Service director Arona Ngari says although it could be expected to be cooler at this time of the year in the tropics, temperatures had been running at about 2°C lower than average in July and August.
He says cloudier days are expected over the next few weeks that will bring some eagerly-awaited warmer days for Rarotonga residents and visitors.
“We do, however, have to keep an eye on those high pressure systems (anti-cyclones) that come from New Zealand as they tend to blow those icy winds from the deep south towards the Cook Islands,” Ngari says.
“So whenever you see an anti-cyclone mentioned in the weather forecast, take a cardigan or pullover with you in the evenings when you are going to be outdoors.”
The cooler weather conditions are due to the onset of the El Nino earlier in the year. This has strengthened in recent months extending cooler than normal weather across islands east of the dateline.
Ngari, who was in Nuku’alofa last month for a regional weather conference, says Tonga has been experiencing similar weather to the Cook Islands lately.
The lowest temperature recorded so far this year was 14°C on July 29 at 6am. The lowest temperature ever recorded in the Cook Islands is a chilly 9.8°C, and it happened back in 1965.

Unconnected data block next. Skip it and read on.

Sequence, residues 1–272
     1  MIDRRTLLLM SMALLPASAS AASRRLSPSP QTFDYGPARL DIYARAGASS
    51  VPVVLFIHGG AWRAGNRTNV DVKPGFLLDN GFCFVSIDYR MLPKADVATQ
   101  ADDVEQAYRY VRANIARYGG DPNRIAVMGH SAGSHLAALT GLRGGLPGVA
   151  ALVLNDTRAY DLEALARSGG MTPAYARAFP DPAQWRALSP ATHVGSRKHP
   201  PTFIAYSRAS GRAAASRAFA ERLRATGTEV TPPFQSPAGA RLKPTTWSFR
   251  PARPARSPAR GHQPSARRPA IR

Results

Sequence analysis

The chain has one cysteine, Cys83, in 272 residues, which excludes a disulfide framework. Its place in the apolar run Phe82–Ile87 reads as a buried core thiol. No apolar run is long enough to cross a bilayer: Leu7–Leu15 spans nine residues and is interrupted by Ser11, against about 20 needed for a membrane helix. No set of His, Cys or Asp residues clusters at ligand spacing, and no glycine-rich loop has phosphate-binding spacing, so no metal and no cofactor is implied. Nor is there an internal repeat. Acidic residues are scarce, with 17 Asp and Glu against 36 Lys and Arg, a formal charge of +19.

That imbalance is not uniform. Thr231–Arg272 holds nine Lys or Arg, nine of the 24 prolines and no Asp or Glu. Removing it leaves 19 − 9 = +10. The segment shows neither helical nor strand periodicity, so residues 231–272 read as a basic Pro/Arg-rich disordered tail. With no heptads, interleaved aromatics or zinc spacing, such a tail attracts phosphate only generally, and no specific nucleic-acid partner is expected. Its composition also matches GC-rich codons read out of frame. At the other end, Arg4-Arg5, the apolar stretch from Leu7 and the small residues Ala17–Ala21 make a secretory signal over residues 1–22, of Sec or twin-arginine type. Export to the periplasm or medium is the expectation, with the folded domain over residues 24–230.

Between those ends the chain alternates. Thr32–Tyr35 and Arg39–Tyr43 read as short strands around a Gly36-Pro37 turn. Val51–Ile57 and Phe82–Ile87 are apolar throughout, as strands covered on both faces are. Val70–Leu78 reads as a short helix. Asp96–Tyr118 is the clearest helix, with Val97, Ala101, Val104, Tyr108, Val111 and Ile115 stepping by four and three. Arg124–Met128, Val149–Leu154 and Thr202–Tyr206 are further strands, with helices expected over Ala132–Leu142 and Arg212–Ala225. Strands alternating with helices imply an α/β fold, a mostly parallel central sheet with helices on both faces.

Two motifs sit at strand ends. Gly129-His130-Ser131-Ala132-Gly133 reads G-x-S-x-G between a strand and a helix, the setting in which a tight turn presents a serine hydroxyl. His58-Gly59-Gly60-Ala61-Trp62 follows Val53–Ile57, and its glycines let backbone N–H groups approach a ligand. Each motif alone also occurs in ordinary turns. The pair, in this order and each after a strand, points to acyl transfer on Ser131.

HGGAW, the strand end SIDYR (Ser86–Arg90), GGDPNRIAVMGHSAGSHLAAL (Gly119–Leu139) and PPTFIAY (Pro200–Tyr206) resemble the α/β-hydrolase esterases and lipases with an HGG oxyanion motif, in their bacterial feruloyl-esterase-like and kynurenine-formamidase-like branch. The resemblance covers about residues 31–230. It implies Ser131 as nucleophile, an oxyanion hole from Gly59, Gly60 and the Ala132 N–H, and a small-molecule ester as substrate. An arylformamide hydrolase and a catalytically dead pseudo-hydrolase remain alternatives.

Low rainfall has been also recorded so far this month with the highest a mere 4.8 millimeters on August 12.
“Due to the high pressure systems that dominate the mid-latitudes during these months, there is the tendency to have less than normal cloud cover. The result is that radiation received during the day is not kept on land at night due to heat being released back into the atmosphere,” Ngari says.
“As no cloud is present, the heat is lost back into space. Clouds act like a blanket at night that keep the heat within the space of the clouds and land.
“When clouds are missing, the land is then stricken with cold air.”